When it comes to investing, I know myself well enough to know that it pays to keep things simple. When I first start out researching possible investments, I'm gung-ho about the whole thing, and I stay pretty involved in the process. As time goes on, however, I tend to be less and less interested in staying on top of things. Unless I keep things simple, my portfolio suffers.
Because of that I'm a big fan of options where you can do relatively simple set it and forget it type investing transactions. Sites like Betterment.com, where you can invest automatically and have your money diversified and re-allocated on a regular basis, fit my mindset perfectly.
If you want to have a simple, low cost investing strategy, there are other options. Some of them can be more cost effective as well. For example, what I'm going to talk about today, the three-fund portfolio. It's a theory where you invest in the fundamental asset classes, stocks and bonds, and usually do so in total stock market index funds and bond funds. The idea is popular on investing boards like the Bogleheads Forum, who are proponents of Bogleheads investing philosophy, and deserves some further exploration.
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John C. Bogle Investing Strategies
The Three Fund Portfolio theory is based off of and popularized on the ideas of people like John C. Bogle, the founder and retired CEO of Vanguard Group, one of the best low cost mutual fund companies out there today. Bogle's investing ideas are based on a foundation of simplicity, and not trying to outsmart the markets, but instead buying index funds to keep costs low and keeping them for the long term. Here are his 8 basic rules for investing from his Wikipedia page:
- Select low-cost index funds
- Consider carefully the added costs of advice
- Do not overrate past fund performance
- Use past performance to determine consistency and risk
- Beware of stars (as in, star mutual fund managers)
- Beware of asset size
- Don't own too many funds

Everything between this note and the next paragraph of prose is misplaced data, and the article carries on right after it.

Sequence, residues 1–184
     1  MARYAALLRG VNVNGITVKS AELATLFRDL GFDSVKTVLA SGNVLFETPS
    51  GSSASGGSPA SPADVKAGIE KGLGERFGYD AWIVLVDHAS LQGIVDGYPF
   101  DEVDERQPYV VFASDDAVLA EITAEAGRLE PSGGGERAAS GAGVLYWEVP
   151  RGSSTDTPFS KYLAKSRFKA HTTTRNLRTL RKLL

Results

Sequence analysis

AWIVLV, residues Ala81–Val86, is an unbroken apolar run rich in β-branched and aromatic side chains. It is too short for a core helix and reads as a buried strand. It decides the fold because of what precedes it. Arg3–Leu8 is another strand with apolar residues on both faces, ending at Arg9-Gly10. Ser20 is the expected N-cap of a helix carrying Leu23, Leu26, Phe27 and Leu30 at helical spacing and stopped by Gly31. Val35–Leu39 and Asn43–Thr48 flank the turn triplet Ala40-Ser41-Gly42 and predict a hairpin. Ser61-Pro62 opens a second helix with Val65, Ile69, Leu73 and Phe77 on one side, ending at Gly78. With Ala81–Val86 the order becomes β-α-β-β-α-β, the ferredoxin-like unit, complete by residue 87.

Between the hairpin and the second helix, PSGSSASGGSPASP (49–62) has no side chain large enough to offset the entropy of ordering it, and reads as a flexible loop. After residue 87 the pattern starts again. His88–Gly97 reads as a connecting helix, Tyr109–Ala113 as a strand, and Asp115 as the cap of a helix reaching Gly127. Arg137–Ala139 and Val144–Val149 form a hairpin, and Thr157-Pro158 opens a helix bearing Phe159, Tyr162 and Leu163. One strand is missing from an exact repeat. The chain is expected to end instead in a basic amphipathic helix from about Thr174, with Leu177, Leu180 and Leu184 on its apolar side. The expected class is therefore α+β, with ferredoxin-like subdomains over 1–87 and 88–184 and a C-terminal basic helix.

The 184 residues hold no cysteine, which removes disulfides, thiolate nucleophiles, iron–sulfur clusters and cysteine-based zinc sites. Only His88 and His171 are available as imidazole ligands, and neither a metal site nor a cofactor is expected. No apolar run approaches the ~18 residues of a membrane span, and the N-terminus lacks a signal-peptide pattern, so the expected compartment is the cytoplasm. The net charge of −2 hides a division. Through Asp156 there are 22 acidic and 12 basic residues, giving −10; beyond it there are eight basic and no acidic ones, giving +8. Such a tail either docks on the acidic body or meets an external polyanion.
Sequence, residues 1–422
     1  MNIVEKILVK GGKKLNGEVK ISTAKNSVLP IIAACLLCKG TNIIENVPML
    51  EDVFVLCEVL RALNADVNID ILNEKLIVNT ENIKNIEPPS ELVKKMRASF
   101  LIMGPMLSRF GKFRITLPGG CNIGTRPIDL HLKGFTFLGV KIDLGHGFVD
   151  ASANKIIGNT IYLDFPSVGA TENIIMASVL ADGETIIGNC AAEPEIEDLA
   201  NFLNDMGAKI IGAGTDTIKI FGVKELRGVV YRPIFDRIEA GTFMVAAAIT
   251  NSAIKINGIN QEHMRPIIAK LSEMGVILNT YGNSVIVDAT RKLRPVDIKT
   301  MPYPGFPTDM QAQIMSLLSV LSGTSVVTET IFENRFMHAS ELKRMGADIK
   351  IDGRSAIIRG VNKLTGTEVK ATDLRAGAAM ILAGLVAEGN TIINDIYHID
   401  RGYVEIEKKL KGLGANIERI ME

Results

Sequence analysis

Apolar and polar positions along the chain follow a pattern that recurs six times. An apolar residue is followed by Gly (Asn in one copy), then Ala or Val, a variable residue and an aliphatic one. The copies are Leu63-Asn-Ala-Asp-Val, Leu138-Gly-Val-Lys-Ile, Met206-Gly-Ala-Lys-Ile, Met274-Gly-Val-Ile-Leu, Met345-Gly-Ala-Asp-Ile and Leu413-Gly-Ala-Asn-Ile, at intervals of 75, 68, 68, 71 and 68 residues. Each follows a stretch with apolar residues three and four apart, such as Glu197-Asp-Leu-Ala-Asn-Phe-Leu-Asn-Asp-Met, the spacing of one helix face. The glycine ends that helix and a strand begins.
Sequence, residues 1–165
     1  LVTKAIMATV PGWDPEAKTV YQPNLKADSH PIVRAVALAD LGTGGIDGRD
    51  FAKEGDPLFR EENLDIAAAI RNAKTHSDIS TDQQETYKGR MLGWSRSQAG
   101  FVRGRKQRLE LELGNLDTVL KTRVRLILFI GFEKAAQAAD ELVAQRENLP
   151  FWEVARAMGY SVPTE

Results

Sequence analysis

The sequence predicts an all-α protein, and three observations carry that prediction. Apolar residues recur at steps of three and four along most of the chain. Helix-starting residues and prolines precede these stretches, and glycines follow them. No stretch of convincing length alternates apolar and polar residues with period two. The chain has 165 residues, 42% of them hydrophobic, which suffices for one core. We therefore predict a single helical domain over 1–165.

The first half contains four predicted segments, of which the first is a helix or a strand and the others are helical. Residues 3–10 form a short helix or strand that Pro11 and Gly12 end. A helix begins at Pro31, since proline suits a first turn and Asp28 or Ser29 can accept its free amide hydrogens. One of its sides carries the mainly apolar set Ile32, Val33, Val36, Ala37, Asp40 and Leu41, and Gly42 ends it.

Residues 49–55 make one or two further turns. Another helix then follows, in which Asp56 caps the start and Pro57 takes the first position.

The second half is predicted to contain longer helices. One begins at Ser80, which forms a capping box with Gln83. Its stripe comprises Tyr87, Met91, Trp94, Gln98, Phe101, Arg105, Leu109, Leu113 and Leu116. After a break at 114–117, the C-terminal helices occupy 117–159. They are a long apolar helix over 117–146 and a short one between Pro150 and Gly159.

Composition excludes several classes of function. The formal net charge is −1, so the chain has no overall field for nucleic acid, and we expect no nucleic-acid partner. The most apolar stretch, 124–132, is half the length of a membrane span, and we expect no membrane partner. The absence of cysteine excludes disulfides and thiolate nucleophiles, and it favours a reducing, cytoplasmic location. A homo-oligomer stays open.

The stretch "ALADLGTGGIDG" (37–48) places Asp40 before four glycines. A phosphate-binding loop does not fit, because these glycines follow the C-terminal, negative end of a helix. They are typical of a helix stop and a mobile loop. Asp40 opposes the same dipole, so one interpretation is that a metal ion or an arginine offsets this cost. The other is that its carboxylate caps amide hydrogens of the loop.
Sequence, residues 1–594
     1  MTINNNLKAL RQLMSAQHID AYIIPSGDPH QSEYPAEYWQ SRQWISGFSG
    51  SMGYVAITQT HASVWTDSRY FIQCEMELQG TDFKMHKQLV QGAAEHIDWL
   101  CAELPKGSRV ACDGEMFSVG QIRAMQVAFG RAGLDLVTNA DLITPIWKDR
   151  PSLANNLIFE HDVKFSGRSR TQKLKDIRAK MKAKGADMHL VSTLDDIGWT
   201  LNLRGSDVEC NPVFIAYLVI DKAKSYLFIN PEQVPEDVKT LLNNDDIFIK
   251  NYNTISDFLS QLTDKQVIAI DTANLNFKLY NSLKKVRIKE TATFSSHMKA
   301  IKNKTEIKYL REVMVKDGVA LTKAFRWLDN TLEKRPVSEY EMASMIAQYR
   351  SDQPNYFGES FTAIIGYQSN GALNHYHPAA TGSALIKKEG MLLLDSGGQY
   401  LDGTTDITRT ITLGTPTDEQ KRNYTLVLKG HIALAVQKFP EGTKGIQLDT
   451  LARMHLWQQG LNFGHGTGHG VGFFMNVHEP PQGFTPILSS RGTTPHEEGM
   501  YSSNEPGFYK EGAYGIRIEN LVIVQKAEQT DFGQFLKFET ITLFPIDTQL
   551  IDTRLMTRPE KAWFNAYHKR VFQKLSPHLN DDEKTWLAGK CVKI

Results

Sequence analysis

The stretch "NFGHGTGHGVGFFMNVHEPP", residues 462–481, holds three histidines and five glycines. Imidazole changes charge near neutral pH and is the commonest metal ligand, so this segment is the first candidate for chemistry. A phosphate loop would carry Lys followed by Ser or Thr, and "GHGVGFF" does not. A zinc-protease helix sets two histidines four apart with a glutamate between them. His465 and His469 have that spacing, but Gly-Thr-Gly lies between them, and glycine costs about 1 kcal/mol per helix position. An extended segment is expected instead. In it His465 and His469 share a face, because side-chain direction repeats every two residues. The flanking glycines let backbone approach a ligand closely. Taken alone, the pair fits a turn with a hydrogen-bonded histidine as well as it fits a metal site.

- Buy your fund portfolio – and hold it
As you can see, he believes in keeping costs low (either via direct fund costs, or costs of professional fund managers), and in making sure that you keep things simple by not buying too many funds, and not trying to outsmart the markets. With that foundation in mind, let's move on to talking about a three-fund portfolio.
The Three Fund Portfolio
Three-fund portfolios create a simple portfolio that gives you complete coverage in the fundamental asset classes – stocks and bonds. Cash isn't usually included in an investment portfolio, so that would not be one of the fundamental assets included for this discussion.
So within the stocks and bonds held in a three-fund portfolio, you would also want to make sure you have invested in both domestic and international stocks.
So once you have decided to invest in a three-fund portfolio – domestic stocks, international stocks, and bonds – you'll want to figure out how much of each to hold in your portfolio (depending on your risk tolerance/retirement horizon/etc). Once you figure an asset allocation, you'll need to figure out where and in what funds to hold those asset classes to ensure the lowest cost and best diversification.
Choosing Investment Asset Allocations
One of the first things you must do in your three-fund portfolio is decide what your asset allocation will be in your investment holdings. Are you going to be more aggressive, and hold more stocks, or do you value the safety of your investment more, and lean more towards lower yield, but higher safety bonds?
How To Figure Your Asset Allocation – Stocks VS. Bonds
What are some ways to go about figuring out what asset allocation you should use? Here are a couple of methods to think about: